New Hampshire Motor Speedway proved to be a tricky track this week with at least five drivers reaching into their hauler for backup cars. The clock is winding down on the regular season and with a tight battle for the top 16 underway, it would seem that several drivers are experiencing the pressure and overstepping the limits of their cars.
Compounding the problems during the weekend was the placement of traction compound during practice and speedy dry during qualification.
The track applied traction compound to the upper groove of the track in an effort to develop a second groove. Fairly narrow in width, drivers have said that it seems that less grip exists just outside that groove than ever before as the marbles begin to form further away from the wall.
Just before qualification, an Xfinity car lost an engine and oiled down the groove. NASCAR applied speedy dry and did their best to recover their track, but without being forced into that line by two-wide racing as one would see in the Foxwoods Resort Casino 301, the cars avoided the preferred groove. That created some interesting moments in time trials.
One of the final drivers on the track, Brad Keselowski eclipsed Kyle Busch to earn his fourth New Hampshire pole. The last time he led the field to green was in July 2014 and he finished seventh. In July 2013, he finished fourth after leading the field to green. Those two races are part of a 13-race streak of lead-lap, top-15 results that was snapped only last year with crash damage. Keselowski has one previous win on this track and two runner-up finishes, so he should be considered a favorite.
Starting on the outside of the front row, Kyle Busch earned his third consecutive top-three starting position. In the past two races, he has made the most of that opportunity with a win from the pole in September 2017 and a second-place finish from the inside of row two last year. With three previous wins to his credit, it’s hard to discount Busch’s chances this week and the decision to start or park him will ultimately come down to allocation or cap management.
Erik Jones had perhaps the most impressive qualification effort because it came early in the session when the track was sub-optimal. He laid down a lap of 136.189 mph that was unassailable by nearly the entire field. Late in the session once the speedy dry was blown off, Jones’ teammate Busch climbed to the top of the board. That supremacy did not last long, however, with Keselowski leapfrogging them both. Kurt Busch also had a shot at the pole; he qualified third with a lap of 136.238 mph. Jones lines up fourth.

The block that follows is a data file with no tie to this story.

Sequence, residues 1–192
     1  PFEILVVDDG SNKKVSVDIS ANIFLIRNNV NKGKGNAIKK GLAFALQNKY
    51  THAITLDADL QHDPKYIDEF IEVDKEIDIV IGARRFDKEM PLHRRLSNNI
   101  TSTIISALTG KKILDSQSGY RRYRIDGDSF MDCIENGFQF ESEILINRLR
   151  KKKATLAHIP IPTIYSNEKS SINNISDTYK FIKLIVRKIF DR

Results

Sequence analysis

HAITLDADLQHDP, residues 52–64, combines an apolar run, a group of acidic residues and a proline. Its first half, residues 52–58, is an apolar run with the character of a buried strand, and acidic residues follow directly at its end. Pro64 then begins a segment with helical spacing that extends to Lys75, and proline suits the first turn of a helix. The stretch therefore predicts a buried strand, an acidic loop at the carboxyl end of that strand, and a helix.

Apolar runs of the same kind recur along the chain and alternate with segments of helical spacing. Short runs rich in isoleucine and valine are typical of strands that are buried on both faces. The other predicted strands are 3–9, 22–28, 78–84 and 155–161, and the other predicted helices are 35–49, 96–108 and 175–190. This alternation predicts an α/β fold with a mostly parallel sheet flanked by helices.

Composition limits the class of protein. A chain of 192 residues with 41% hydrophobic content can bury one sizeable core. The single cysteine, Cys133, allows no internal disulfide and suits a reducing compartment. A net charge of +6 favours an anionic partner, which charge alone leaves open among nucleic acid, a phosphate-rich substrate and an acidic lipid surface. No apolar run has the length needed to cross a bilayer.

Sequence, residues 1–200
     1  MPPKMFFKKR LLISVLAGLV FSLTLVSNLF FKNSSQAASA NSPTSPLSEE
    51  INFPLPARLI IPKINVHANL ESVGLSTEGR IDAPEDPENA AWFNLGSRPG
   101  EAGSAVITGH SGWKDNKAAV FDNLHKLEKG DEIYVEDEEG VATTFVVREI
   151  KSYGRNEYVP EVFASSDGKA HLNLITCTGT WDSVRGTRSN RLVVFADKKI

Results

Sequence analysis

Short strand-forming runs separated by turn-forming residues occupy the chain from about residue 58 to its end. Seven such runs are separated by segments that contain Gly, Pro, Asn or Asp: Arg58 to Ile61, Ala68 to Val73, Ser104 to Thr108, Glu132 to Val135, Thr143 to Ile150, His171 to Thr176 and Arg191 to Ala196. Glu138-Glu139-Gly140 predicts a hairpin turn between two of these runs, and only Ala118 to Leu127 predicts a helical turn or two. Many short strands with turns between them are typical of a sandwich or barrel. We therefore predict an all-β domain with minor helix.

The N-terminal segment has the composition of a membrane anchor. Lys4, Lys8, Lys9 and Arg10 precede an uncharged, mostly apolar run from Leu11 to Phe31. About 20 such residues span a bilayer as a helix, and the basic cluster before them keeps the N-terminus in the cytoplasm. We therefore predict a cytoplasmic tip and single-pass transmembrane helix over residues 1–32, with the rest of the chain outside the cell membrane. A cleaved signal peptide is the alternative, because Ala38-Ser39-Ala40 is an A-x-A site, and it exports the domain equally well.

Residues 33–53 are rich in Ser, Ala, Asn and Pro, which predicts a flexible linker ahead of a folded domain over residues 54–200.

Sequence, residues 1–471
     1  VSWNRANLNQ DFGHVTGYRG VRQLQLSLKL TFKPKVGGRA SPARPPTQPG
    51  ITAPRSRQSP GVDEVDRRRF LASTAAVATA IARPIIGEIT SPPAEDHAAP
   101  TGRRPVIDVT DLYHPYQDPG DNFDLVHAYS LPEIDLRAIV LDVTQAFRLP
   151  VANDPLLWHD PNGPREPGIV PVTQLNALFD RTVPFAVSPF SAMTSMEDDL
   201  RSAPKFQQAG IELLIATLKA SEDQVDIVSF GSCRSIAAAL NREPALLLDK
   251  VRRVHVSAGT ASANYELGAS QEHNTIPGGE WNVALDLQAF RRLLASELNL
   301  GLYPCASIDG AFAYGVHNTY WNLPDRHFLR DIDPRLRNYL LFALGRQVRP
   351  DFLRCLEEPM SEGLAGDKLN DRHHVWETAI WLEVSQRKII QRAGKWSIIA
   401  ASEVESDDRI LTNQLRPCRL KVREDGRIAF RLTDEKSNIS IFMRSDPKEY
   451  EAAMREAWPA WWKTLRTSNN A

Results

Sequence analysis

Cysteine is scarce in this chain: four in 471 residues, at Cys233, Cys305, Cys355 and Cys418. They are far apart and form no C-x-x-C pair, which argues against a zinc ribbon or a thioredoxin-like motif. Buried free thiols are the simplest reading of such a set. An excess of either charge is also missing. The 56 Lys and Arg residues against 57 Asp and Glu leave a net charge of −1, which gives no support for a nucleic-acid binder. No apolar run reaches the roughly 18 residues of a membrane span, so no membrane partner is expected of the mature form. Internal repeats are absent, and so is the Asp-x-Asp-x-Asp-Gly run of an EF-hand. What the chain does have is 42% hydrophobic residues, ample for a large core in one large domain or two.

Matt DiBenedetto qualified seventh for the Foxwoods 301. This is his best career qualification and only his second top-10 start. DiBenedetto raced his way to a ninth-place start in this year’s Daytona 500. He has been solid at New Hampshire in qualification before; DiBenedetto’s two best time trial efforts prior to this week came on this track with a pair of 16th-place efforts in July 2016 and 2017. He did not follow those up with good race runs, however; finishing 31st and 30th respectively. Worse still, DiBenedetto had some sort of issue with his left rear that caused two cut tires during final practice on Saturday.
Practice was hard on teams. Tiptoeing on a delicate line at the end of the traction compound laid down in the upper groove, three drivers overstepped on Friday. William Byron slapped the wall lightly on two occasions, but managed to keep his car intact. The same was not true for Denny Hamlin and Ryan Newman – both of whom pounded the wall hard enough to occasion a backup car.
On Saturday morning, Byron’s luck ran out. He hit the wall a third time and did enough damage to necessitate a backup. Only moments after the track returned to green, Kyle Larson locked up his brakes entering a corner and slapped the wall hard, sending him to his replacement ride. Byron will have to give up 22nd-place on the grid and drop to the back; Larson will fall from 15th.
They will join Bowman who snapped a driveshaft in qualification and did not record a time. In final practice Bowman hit the wall hard and destroyed his backup. The haulers only hold two cars, so Bowman is now out of equipment, but he will get a loaner from Jimmie Johnson. The bad news is that Bowman is now going to start in the rear of the field in an unfamiliar car. Bowman should be avoided this week.
Bear in mind that only Bowman will be credited with a poor starting position in games that offer place-differential points because those are based on official qualification results.
Picking up where he left off in qualification, Jones had the fastest single lap in Saturday morning’s session as well as the quickest five- and 10-lap averages. Quietly confident, he believes he has a shot at winning on Sunday. This is a track that has been kind to Young Guns in the past. Thirteen 13 wins have gone to drivers with fewer than five victories entering the weekend. (Joe Nemechek, Robby Gordon, Newman, Clint Bowyer, and Joey Logano have all earned their first win on this track.)
Ryan Blaney won final practice. With a single fast lap of 133.572 mph and a top-10 average of 132.687 mph, he showed very little drop off to sit atop both charts. Team Penske has been strong at New Hampshire as an organization and Blaney is much more affordable than pole sitter Keselowski or points’ leader Logano. Blaney rolls off the grid fifth and has enough speed to remain in the top 10 until the end of Stage 1.